In the light of these considerations, the tightening up of procedures provided for in paragraph 2, (whose poor compliance with the written constitution, has already been illustrated herein) appears all the more significant, constituting the main innovation within the reform, almost as though all the constitutional problems linked to the process of European integration were of a procedural nature. Furthermore, a marked lack of consistency emerges between the assertions contained in paragraph 1, which, reflecting the line of interpretation so far adopted, establish, for the law makers, the framework within which eventual procedures for “deepening the EU” should operate, and paragraph 2 which puts an extra obstacle (procedural, not substantial) in the way of European integration. Although this inconsistency may in part be due to the genesis of the article, (the result, as we have seen, of a hurried fusion of different proposals), this is no reason to consider it any the less serious. On the contrary, the gravity of this inconsistency increases if a further aspect is taken into consideration, paradoxical if attributable to an oversight, alarming if the product of political will. Indeed, judging by its position, the more rigorous procedure regulating the transfer of powers seems to refer exclusively to Italy’s involvement in the process of European integration and not to other supranational organisations, be they existing ones or those set up ex novo. Thus, eventual treaties providing for limitations of sovereignty in favour of entities other than those of the EU would be governed exclusively by the terms of Art. 11, and, as such, could be approved through the application of ordinary legislative procedures. Thus, a treaty which limits Italy’s sovereignty, transferring powers to an existing entity which has nothing to do with European integration (the UN, for example) or a newly established supranational organisation (such as a Mediterranean alliance with North African countries) would enjoy, from a procedural point of view, different and more favourable treatment than one transferring powers to the European Union!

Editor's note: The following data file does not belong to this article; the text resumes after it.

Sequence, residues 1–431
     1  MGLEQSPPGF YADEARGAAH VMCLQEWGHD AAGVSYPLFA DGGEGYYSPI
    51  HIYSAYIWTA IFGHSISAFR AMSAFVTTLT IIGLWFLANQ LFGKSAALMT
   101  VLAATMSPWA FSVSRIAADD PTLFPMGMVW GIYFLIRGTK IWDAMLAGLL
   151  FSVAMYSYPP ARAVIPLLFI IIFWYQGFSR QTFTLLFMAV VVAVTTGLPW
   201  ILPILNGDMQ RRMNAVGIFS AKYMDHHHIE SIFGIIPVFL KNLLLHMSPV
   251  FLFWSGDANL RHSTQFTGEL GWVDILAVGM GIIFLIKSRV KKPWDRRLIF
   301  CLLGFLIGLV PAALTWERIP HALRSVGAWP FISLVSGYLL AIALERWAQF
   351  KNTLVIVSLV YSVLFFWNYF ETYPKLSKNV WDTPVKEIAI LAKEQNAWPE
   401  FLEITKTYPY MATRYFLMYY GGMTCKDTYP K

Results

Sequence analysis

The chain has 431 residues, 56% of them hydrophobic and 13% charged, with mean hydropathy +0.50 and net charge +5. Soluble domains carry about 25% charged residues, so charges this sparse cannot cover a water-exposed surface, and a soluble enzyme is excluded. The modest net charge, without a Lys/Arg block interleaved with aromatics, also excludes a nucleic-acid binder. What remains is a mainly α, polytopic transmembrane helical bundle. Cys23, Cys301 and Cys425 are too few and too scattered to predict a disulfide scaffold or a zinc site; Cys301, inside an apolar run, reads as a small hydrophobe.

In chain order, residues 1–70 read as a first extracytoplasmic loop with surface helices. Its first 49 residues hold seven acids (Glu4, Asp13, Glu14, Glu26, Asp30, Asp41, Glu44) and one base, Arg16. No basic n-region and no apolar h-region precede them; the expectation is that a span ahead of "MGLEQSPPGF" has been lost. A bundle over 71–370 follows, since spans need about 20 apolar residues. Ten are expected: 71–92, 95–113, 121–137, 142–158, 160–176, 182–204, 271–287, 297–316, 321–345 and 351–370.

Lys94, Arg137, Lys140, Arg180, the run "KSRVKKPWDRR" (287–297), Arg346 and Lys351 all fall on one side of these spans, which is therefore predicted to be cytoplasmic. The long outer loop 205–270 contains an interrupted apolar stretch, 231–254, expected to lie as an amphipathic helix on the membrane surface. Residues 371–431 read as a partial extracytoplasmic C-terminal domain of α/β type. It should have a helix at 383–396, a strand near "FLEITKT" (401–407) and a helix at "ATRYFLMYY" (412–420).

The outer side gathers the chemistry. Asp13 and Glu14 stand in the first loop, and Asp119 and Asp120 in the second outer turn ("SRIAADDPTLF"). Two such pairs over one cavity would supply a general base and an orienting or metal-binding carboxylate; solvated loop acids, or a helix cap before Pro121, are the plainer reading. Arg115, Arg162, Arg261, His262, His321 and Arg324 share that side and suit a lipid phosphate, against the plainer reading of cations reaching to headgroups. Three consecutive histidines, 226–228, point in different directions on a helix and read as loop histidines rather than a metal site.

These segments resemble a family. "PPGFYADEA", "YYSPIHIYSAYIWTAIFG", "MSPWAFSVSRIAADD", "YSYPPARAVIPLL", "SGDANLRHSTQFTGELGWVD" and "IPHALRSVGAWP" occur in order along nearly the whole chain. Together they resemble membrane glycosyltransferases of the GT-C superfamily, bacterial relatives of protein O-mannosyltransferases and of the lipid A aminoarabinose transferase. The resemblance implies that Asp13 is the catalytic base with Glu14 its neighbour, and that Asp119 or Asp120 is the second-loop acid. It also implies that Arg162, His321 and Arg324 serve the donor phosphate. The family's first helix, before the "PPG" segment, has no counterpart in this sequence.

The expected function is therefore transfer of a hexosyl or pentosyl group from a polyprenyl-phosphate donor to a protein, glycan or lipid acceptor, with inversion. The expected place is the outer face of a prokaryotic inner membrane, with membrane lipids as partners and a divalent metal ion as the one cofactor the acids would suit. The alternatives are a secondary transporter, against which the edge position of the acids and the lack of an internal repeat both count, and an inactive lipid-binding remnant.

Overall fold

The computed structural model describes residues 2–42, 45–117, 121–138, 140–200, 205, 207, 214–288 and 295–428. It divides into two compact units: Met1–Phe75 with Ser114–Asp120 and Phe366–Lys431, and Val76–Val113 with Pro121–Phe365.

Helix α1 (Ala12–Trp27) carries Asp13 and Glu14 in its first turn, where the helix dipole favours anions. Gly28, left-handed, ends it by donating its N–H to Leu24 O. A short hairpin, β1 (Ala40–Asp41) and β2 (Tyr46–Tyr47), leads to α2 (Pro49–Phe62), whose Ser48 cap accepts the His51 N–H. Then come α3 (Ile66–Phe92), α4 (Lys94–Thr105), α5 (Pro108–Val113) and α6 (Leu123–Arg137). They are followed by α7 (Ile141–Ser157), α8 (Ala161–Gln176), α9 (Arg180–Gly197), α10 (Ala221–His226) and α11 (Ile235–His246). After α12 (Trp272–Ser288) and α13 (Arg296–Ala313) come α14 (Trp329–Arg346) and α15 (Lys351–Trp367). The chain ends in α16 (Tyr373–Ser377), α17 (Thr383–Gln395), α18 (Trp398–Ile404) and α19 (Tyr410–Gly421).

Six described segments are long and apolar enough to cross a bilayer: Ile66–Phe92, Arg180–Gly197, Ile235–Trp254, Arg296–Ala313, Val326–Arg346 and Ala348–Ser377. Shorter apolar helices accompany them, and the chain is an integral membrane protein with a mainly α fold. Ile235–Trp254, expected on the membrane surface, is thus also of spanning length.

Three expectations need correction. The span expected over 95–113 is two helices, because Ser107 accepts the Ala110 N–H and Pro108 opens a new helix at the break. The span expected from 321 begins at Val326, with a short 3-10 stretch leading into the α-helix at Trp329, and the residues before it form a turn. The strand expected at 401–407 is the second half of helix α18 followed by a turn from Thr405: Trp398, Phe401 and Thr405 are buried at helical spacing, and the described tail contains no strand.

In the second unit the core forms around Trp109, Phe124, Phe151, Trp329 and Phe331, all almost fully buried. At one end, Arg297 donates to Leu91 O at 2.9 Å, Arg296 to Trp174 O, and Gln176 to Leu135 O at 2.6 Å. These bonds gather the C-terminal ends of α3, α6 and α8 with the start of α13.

Quite apart from the hypothesis (not, given the record of the bicameral Commission, so very far-fetched) that there may exist a political desire, whose substance would have to be verified in parliament, to place procedural obstacles in the way of European unification, doubts remain over the soundness (political as well as legal) of this proposed reform.
Reform of the Italian Constitution and European Federation.
Had one of the aims of the constitutional reform discussed in this paper been to set the process of European integration, which is now effectively and very much under way, moving in the direction indicated by the guiding principles of the Italian Constitution, then it would be appropriate to broach the issue from another angle.